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Carbon emissions from Indonesia forest fires hit new high
  • Carbon emissions from Indonesia forest fires hit new high

Copyright: Aulia Erlangga/ CIFOR

Speed read

  • Indonesia’s carbon emissions from forest fires in 2015 exceeded the whole EU’s

  • Global carbon dioxide level rose more than any other year

  • New study is first to use satellite data, modelling and on-site measurement

[JAKARTA] Forest fires in Indonesia last year released 11.3 million tonnes of carbon per day, researchers have found. This figure exceeds the daily rate of 8.9 million tonnes of carbon emissions from the whole of the European Union, the study says.

The 2015 fires were the worst since 1997, when a strong El Niño also fanned widespread fires, says the study, published in the journal Scientific Reports.

Fire is widely used in South-East Asia to clear vegetation and maintain land for the growing of crops, the paper explains. Last year, fires were exacerbated by extended drought associated with El Niño, releasing 857 million tonnes of carbon dioxide from September to October 2015, the authors say. This represents 97 per cent of the country’s annual carbon emissions.

“We are ready for the worst case this year even though it is unlikely that the same catastrophe will happen again.”

Sugarin, Climatic and Meteorological Agency

Study co-author Martin Wooster, an earth observation scientist at King’s College London in the United Kingdom, says the data produced from the study were based on satellite observation and on-site measurement of the air in Palangkaraya, the capital city of Central Kalimantan province, which experienced the country’s thickest smog during last year’s fires.

“There have been some isolated studies before where people artificially set fires in the lab to try to understand the chemical characteristics of peatland fire smoke in Indonesia,” Wooster explains. But this study is the first of its kind: “no one had done this for natural fires, and especially not on the kind of extreme fires seen in 2015.”

Wooster believes the study is more than enough to prod the Indonesian government to take serious steps in fighting forest fires, which have a severe impact on human lives.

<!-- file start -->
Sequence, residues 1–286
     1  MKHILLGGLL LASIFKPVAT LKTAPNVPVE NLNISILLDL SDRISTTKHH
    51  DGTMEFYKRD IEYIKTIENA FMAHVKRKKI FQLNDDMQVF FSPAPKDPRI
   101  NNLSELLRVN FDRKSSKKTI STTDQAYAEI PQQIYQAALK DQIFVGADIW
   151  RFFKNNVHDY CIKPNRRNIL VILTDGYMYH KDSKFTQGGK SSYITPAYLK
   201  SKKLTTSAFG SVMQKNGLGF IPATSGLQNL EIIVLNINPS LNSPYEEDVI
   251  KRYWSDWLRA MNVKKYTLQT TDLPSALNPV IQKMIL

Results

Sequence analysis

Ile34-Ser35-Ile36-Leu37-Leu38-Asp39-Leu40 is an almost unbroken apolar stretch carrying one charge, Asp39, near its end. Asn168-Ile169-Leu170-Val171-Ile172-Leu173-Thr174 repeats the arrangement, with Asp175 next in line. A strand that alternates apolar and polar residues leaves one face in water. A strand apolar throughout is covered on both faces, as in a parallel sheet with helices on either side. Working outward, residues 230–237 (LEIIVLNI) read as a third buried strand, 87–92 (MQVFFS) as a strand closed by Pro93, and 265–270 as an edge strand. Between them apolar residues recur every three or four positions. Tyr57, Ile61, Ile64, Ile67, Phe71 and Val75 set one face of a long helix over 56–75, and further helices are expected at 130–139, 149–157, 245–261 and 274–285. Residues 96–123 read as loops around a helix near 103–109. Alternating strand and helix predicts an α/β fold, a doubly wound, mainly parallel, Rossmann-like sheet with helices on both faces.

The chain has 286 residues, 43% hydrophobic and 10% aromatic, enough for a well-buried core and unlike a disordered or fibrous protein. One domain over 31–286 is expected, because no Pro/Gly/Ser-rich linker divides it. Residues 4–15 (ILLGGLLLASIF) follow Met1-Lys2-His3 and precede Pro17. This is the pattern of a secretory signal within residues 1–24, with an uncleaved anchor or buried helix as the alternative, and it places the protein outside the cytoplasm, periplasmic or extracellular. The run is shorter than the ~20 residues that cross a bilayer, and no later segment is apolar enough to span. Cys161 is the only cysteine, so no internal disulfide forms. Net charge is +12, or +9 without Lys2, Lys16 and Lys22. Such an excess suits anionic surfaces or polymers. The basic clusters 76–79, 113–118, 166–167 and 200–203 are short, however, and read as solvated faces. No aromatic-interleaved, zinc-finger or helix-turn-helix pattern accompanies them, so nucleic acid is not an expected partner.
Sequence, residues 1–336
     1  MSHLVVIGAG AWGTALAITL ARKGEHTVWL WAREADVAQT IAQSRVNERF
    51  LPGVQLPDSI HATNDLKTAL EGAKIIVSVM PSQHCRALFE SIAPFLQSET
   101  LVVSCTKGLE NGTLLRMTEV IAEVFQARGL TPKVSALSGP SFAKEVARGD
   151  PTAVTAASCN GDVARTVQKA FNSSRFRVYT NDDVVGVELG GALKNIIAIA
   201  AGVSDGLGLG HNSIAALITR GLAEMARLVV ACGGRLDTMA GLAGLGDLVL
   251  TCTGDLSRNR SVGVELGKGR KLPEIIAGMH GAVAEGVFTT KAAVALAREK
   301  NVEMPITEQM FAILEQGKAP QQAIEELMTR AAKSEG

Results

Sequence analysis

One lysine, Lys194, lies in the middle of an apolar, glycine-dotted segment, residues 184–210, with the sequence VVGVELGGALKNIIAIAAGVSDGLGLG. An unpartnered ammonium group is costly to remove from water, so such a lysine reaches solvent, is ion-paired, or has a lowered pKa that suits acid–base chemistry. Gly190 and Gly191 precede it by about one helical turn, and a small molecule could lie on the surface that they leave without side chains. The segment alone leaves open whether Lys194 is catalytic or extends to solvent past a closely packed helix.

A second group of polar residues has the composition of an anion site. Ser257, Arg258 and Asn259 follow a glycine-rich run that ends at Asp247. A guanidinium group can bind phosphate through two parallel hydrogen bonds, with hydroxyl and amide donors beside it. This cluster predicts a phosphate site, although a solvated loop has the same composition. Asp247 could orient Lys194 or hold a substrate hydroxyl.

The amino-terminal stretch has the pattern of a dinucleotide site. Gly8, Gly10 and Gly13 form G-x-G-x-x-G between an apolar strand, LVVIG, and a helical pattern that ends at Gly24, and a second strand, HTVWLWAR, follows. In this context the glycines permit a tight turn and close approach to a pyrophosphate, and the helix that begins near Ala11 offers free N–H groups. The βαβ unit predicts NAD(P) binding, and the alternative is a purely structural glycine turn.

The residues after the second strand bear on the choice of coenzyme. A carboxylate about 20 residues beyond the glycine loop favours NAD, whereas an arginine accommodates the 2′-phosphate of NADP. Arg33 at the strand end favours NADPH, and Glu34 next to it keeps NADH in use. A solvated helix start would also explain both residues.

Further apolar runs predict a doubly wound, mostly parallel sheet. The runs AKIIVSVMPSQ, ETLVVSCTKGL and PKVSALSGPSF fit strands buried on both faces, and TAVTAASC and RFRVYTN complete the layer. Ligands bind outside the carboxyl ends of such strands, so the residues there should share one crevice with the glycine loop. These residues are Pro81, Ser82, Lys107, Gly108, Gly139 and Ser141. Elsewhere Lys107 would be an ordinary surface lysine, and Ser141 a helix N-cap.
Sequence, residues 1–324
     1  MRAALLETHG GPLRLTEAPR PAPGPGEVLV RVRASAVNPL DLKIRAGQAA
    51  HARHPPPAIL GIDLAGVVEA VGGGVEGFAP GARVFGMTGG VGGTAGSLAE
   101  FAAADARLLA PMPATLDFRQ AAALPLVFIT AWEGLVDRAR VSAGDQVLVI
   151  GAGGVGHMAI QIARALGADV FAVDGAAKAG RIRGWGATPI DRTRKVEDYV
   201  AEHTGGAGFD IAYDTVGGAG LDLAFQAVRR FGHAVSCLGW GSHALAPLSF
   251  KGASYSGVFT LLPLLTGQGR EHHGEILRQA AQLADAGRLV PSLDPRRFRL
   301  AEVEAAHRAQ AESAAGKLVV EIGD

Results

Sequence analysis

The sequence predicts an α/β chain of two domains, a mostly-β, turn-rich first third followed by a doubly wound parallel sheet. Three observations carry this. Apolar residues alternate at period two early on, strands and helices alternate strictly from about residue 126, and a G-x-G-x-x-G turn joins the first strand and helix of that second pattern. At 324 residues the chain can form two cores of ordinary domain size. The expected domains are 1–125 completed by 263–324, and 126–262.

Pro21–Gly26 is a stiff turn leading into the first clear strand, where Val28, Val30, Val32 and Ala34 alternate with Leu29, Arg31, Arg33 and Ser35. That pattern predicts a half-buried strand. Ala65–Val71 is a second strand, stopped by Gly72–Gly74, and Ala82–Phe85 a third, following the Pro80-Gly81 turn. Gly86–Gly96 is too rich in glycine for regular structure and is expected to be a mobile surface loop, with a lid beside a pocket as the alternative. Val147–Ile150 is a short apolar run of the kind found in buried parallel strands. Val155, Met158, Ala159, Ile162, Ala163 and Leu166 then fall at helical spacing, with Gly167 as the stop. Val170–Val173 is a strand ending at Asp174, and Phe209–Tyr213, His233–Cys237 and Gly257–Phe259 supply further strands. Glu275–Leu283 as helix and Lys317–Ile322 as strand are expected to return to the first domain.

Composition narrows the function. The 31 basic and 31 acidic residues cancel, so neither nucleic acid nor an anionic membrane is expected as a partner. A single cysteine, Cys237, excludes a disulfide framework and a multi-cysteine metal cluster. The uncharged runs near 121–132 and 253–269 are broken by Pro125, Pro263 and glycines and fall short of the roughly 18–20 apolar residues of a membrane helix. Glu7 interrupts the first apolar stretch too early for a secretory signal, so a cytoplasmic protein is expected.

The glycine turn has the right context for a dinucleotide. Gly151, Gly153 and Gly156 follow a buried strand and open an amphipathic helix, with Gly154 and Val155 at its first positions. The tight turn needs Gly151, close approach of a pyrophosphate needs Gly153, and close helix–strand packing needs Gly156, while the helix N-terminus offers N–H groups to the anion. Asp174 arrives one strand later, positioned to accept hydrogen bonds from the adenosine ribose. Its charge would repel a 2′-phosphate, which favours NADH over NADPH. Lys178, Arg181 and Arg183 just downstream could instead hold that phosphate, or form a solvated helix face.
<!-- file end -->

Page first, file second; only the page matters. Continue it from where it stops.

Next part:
“Every year, the global atmospheric CO2 concentration is rising, and in 2015 it rose more than any other year since measurements began,” he says, adding that governments in South-East Asia are “very aware” of the impact on air quality in the region.

Wooster notes the particulates in the atmosphere in some parts of Indonesia reached more than five times the hazardous levels, reducing visibility to a few hundred metres in places.

Sugarin, head of the Climatic and Meteorological Agency station in Riau, Sumatra, admits that the Indonesian government is now more serious in tackling the issue.
He says Riau province is now in a state of “emergency alert” for peatland fires, with 15 hotspots under watch. This means the central government is ready to send helicopters for “water bombings”.

“We are ready for the worst case this year even though it is unlikely that the same catastrophe will happen again,” says Sugarin. This year, the El Niño phenomenon will not return and the dry season will not bring such severe drought, he adds.

This piece was produced by SciDev.Net’s South-East Asia & Pacific desk.


V. Huijnen and others Fire carbon emissions over maritime southeast Asia in 2015 largest since 1997 (Scientific Reports, 31 May 2016)
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